Making Sense of the Black Swan

Making Sense of the Black Swan
April 26, 2012 Chris Rowland

by TTT Subscriber ‘Macattack’.  

‘The black swan theory or theory of black swan events is a metaphor that encapsulates the concept that an event is a surprise (to the observer) and has a major impact. After the fact, the event is rationalised by hindsight. Such events, considered extreme outliers, collectively play vastly larger roles than regular occurrences.’

(A particularly alluring Black Swan)

Villas Boas was a great managerial appointment, then he was not; ‘Arry is touted for the ‘big job’ based on Tottenham’s success, but more recently they have earned just 12 points out of a possible 30; Robin van Persie scores “when he wants”, then feast turns to famine – he has not scored for over a month; United are eight points clear in the league, the title race is over – but now it’s back on … and, indeed, I could go on.

Kenny “must go”; Ferguson was on the cusp of going; Newcastle are now great; and so is Alan Pardew.

Football fans, journos, pundits – and even the FA – are the most fickle of human beings; and the most reactive. The constraints of current events fix the mindset in the present tense; knee-jerk assessments are made, yet the future is infinite and change is highly probable, as the above events will testify.

As LFC fans we are no less susceptible to the whim of strange occurrences of both the success and failure kind. The 2011/12 season is already cast as one that is stranger than most. Random events have conspired to the point of disturbance for all of us.

Black Swans, noted for their rarity, are bearable in small doses; but Christ, when you get a host of them in your back garden, in such a small space of time, it’s overdose time. Until QPR, Liverpool had not surrendered a two goal lead to be beaten in 11.5 years (Opta Joe); Wigan had never won at Anfield, and then they did; West Brom hadn’t won on our turf for 45 years … then came Roy Hodgson (who, since leaving, has had more success in winning against Liverpool than he had winning with them.)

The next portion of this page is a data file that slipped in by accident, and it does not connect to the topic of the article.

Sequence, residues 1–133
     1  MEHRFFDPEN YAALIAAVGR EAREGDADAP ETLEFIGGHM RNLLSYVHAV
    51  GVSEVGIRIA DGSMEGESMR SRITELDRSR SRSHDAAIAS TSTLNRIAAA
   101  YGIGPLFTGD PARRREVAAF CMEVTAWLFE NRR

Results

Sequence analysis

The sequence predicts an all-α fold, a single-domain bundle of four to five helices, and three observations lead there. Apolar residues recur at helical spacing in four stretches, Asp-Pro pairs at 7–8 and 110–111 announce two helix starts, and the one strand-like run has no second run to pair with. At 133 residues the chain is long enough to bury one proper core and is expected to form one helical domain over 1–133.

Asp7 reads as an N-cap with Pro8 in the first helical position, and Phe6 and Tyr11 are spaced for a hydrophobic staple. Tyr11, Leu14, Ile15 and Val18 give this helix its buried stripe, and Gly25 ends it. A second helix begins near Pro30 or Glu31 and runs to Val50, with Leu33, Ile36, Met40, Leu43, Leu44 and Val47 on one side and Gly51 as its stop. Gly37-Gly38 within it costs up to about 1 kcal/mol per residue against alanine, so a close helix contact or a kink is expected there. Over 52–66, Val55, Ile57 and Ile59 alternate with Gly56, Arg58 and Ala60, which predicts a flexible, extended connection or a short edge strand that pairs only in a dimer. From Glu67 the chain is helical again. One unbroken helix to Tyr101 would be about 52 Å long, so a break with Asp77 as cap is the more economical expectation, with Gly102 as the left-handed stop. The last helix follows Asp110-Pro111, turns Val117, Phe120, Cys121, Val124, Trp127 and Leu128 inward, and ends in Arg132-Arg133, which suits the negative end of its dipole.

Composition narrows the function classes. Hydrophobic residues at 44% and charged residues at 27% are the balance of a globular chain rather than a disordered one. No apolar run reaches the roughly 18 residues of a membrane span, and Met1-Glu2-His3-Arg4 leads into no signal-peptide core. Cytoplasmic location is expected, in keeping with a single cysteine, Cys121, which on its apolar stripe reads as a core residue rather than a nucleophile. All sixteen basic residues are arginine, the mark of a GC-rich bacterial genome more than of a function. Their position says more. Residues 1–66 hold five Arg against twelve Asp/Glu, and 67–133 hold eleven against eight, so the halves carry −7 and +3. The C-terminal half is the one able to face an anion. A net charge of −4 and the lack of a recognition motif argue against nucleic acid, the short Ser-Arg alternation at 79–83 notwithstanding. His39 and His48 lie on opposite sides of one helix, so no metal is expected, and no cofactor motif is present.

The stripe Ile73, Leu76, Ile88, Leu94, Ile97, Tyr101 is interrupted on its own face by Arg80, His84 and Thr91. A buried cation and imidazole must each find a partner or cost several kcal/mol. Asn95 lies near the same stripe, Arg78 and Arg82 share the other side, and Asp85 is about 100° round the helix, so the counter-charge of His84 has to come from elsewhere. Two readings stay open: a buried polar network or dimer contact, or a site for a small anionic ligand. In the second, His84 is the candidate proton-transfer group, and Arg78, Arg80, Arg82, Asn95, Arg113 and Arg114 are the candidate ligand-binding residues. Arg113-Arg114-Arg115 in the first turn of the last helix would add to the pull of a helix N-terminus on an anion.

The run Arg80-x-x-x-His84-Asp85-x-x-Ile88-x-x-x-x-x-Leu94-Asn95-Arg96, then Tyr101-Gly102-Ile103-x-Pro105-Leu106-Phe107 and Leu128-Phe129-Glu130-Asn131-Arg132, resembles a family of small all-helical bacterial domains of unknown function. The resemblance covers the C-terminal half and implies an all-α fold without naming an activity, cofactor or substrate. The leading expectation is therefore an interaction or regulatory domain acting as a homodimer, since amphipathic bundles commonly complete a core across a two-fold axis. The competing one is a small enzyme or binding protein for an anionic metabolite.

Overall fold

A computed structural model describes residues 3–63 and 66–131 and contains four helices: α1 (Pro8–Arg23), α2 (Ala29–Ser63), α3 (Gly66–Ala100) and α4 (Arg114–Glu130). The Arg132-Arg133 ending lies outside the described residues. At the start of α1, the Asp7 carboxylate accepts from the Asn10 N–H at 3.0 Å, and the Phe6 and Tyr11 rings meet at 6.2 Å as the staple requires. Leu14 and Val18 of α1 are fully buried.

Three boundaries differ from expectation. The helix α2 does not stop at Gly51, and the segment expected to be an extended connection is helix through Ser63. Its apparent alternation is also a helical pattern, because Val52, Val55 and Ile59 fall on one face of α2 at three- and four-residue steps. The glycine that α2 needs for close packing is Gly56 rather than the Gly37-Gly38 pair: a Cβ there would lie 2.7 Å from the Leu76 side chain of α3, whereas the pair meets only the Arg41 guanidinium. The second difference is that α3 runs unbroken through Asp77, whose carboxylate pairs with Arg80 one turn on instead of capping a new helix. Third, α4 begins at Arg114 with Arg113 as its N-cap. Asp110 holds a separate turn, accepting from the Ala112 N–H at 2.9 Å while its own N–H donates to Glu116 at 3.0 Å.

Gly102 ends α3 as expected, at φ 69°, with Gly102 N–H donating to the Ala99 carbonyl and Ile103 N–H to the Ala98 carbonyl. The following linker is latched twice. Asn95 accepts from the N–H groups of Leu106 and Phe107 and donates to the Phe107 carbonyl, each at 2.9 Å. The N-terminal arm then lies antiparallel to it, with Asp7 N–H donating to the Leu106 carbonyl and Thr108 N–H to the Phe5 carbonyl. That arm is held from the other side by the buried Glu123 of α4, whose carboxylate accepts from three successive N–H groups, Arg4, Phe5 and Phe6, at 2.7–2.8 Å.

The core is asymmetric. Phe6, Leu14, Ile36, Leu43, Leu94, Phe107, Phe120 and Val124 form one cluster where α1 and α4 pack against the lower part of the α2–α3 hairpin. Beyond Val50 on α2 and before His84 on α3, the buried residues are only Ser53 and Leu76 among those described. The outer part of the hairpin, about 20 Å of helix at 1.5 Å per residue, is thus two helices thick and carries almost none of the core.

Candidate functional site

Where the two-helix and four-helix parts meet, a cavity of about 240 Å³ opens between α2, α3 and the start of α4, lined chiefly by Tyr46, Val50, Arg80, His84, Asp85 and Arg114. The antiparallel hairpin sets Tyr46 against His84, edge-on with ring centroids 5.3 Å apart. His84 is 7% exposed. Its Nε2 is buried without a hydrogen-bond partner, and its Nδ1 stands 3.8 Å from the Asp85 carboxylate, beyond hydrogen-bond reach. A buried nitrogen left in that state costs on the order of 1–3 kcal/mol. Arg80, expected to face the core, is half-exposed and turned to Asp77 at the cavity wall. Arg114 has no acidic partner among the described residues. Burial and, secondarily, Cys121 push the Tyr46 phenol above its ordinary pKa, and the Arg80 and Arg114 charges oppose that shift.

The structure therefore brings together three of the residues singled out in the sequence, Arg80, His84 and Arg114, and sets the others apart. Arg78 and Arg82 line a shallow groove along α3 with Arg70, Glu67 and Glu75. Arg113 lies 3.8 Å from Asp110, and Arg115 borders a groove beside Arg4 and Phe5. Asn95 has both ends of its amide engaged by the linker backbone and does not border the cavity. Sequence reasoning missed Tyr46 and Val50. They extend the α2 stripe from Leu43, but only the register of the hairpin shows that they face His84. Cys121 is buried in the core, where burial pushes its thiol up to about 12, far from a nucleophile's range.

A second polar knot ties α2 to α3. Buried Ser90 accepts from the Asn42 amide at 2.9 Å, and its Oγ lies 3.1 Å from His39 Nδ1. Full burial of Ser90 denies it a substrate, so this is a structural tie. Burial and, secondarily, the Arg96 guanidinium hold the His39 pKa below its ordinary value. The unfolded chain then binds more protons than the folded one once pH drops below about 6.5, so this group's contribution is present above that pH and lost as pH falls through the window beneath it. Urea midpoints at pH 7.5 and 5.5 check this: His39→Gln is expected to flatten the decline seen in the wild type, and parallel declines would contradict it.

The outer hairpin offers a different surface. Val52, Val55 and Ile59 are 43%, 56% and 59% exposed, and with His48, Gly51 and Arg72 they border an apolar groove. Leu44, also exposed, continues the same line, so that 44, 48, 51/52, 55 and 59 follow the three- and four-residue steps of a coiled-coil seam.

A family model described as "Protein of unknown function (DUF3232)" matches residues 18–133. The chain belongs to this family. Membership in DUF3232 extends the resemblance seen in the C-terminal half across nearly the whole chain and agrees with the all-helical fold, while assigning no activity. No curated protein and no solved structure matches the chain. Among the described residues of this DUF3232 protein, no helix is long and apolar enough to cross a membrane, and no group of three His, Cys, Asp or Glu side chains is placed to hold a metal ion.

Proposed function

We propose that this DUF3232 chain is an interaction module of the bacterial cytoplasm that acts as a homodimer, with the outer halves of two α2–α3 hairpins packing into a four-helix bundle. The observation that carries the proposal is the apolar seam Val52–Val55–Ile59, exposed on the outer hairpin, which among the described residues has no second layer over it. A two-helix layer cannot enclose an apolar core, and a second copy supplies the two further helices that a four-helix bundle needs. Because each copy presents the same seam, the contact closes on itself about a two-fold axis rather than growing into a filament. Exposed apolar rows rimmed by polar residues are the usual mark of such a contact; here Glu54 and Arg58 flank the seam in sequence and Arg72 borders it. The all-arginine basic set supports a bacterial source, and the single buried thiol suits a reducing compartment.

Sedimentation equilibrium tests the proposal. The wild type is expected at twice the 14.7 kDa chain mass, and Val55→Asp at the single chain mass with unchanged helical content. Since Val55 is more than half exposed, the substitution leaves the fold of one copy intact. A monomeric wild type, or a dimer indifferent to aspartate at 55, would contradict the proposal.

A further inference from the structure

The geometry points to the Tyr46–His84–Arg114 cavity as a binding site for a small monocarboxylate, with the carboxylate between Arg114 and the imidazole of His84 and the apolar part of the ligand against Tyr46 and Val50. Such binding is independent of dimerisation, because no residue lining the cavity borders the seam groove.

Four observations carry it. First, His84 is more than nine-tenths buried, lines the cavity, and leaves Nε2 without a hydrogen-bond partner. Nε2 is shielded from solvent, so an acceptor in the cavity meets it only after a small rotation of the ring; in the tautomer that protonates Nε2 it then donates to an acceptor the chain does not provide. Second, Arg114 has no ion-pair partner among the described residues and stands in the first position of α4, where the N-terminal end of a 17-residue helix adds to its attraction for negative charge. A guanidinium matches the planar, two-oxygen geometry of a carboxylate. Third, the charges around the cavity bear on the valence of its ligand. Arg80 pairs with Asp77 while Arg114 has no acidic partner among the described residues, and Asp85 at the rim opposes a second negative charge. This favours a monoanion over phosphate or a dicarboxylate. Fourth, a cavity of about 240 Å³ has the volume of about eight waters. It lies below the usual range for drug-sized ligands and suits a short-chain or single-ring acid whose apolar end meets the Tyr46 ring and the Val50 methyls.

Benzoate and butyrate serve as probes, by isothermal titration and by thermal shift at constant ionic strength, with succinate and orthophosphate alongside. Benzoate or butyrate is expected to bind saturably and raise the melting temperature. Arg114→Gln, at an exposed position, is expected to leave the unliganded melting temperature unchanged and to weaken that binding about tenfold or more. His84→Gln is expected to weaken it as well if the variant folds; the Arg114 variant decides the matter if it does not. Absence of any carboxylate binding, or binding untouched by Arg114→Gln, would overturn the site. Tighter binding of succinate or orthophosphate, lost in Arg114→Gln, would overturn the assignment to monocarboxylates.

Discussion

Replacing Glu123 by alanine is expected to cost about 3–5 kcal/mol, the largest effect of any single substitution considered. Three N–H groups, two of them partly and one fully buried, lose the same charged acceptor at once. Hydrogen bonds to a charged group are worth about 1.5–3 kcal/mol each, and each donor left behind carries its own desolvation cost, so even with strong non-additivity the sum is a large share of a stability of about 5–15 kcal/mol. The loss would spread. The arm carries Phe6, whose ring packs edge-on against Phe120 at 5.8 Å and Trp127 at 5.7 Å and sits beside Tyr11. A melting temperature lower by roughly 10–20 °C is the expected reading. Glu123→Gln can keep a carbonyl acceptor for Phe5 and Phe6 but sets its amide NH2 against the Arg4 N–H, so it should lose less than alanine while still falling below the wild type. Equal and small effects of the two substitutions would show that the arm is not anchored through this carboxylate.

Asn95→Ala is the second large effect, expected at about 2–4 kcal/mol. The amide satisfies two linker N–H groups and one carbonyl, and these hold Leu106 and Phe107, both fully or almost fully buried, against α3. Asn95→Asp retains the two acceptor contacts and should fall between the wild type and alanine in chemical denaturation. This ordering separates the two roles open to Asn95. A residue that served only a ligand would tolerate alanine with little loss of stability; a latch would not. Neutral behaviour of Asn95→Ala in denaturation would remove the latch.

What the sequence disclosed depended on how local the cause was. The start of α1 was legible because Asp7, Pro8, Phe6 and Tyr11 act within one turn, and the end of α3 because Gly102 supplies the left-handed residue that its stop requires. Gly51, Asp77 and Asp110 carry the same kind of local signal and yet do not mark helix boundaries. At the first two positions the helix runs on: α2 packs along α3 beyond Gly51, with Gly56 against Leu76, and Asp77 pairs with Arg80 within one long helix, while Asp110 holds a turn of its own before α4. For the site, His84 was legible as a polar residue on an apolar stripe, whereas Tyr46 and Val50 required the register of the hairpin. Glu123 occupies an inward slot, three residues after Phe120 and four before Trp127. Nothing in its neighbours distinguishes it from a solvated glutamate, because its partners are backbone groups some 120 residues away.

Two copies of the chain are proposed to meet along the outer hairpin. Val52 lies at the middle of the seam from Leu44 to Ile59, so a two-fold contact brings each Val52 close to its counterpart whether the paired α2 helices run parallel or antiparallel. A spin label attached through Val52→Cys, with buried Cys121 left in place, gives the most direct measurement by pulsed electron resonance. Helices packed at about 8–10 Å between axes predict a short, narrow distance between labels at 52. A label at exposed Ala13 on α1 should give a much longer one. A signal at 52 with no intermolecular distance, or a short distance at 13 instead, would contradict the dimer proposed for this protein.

We create countless chances yet convert so few; the Liver Bird has morphed into a Woodpecker, so may times have we tapped the woodwork … and I could go on.

Blackpool were flying high in the Premiership, then got relegated; both Bolton and Sunderland were spoken about in terms of pushing for a place in Europe, then washed away.

Roy was kind enough to say, in his post-match interview, that Liverpool were the better team and had the best scoring chances. But then the Opta Stats gave him no choice; apparently 30 shots on target overall and the lion’s share of possession was ours.

West Brom’s goal was the result of a Glen Johnson mistake; not singling him out for blame at all – Rio Ferdinand was arguably at fault for Everton’s third and fourth goals (a header into the centre of his area was pounced upon in the first example, and poor marking denoted the second). It happens, it is just bad luck. The problem for Liverpool is that we have incurred far too much bad luck.

How do we make sense of all this? The answer is we cannot. Rationale, logic, sense, dimension, rhyme and reason have all entered the place where Alice went; this season’s script has been written in Jabberwocky format, making nonsense of our attempts to comprehend or appraise the situation. We are in the mode where tossing a coin gives us ten tails in a row when we called heads each time; unusual, but well within the realms of possibility. Maybe now is the time to appreciate this:

“Because our brains are bad at understanding randomness, probability is the branch of maths most riddled with paradoxes and surprises.” (Alex’s Adventures In Numberland – Alex Bellos – p323).

It snowed in June once – that is rare, yet it rarely snows on Christmas day. Regardless, for decades, an army of punters have consistently wagered bets on the latter outcome. Tell them that you placed a bet riding on a snowfall in June and they would laugh in your face. Yet, the potential reward – given the odds set for a summer month – would arguably outpace the return on any 25th December. What is more, you get 30 days in June as opposed to just one in December.

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